HF for Dummies: Part 10: Psychological Safety

- english dummies jenny lord leadership psychological safety teamwork Dec 04, 2022

In a few of the other Dummies blogs, I mentioned Psychological Safety. What exactly is this and how can we develop it?

Psychological safety exists when a team can speak up about problems they’re having, knowing that they will be listened to and respected for speaking up, not shouted at or ignored. It is developed with trust, humility and good communication. It’s not something that can happen overnight and it can take a lot of work to build up but it’s the one defining feature of every high-performing team.


Trust is vital for psychological safety. If you don’t believe that you can speak up without getting shouted at, belittled, or worst of all, thrown out of the team, then there is no trust. Trust takes integrity and benevolence, as well as the belief that the person or people you’re diving with have the ability to do the dive. In other words, do you believe the rest of the team will do as they say they will (integrity) and that they aren’t just doing it for themselves but also for the benefit of others (benevolence)?


Humility means being humble. This doesn’t mean you aren’t confident but it does mean you can accept that you don’t know everything and aren’t the best at everything. It also means you listen to others both on your team and outside of it.

For good communication, we need to be open to working on our understanding of what people are telling us. It’s easy to make assumptions in conversations and we sometimes get these wrong, so we need to understand that it’s on the receiver of the information to check that we have a proper understanding of what the sender has told us. For more about communication, read this blog about it from the Dummies series.

Can I give you some feedback?

I was teaching a course recently and at the end of the course, I did my usual post-course debrief. This included getting the student to tell me what he thought were his strengths and what he needed to work more on (and how he was going to do that). When we finished, he very sheepishly looked at me and said “can I give you some feedback?”. I have known this student for quite a few years and trust that he will give me useful feedback. Our communication has always been straightforward and I have tried to make it clear that I am open to learning. He also trusts me enough to know that he could give feedback without me taking it badly. I’m glad that trust is there, as the feedback he gave me (that at times things had felt a bit rushed and as he was doing dives deeper than he’d been before, more time would have given him the chance to relax a little more and get in a better state of mind) was really useful. It is a very easy change for me to make and one that is worth doing if it helps my future students improve.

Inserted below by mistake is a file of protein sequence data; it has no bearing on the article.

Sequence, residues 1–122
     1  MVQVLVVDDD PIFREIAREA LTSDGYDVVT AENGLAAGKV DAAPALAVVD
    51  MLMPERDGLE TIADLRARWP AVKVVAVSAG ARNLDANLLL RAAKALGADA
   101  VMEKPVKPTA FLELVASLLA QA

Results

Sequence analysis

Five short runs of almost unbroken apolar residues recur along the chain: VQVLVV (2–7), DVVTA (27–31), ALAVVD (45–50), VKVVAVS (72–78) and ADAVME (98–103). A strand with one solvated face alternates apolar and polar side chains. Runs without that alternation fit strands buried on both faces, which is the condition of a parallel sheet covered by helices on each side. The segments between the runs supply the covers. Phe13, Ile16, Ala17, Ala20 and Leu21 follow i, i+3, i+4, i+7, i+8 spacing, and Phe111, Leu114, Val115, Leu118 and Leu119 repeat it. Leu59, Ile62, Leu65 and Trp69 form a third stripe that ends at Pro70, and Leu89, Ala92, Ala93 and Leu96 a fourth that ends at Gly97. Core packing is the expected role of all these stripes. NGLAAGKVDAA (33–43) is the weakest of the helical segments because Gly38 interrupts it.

It goes both ways...

As shown by the example above, psychological safety goes both ways- to and from the leader and followers in a team, as well as with peers. However, it is the leader that normally will set the tone and a good leader will do their best to make sure that there is a culture of psychological safety within the team. This can be challenging at first as it takes courage to open yourself up, especially as humility is seen as a weakness by some people who don’t understand its value. A simple way to start out is by, as a leader, admitting to the team of a mistake that you have made. It doesn’t have to be anything huge, we all make tiny mistakes every day. Admitting to something as simple as “I misunderstood your hand signal” or “I forgot my weights” shows the team that you have humility- you are able to recognise that you make mistakes. It also shows them that it’s acceptable to share those mistakes, something that is really important as it allows everyone to learn from everyone else’s errors.


In summary, psychological safety has to be built on a foundation of trust, humility and good communication. These all take practice and admitting to your own mistakes is one of the easiest ways of starting to build it. When it exists, it is one of the strongest tools for a strong, high-performing team and you will quickly see the benefits.

Jenny is a full-time technical diving instructor. Prior to diving, she worked in outdoor education for 10 years teaching rock climbing, white water kayaking and canoeing, sailing, skiing, caving and cycling, among other sports. Her interest in team development started with outdoor education, using it as a tool to help people learn more about communication, planning and teamwork.

Since 2009 she has lived in Dahab, Egypt teaching SCUBA diving. She is now a technical instructor trainer for TDI, advanced trimix instructor, advanced mixed gas CCR diver and helitrox CCR instructor.

Jenny has supported a number of deep dives as part of H2O divers dive team and works as a safety diver in the stunt industry.

If you'd like to deepen your diving experience, consider taking the online introduction course which will change your attitude towards diving because safety is your perception, visit the website.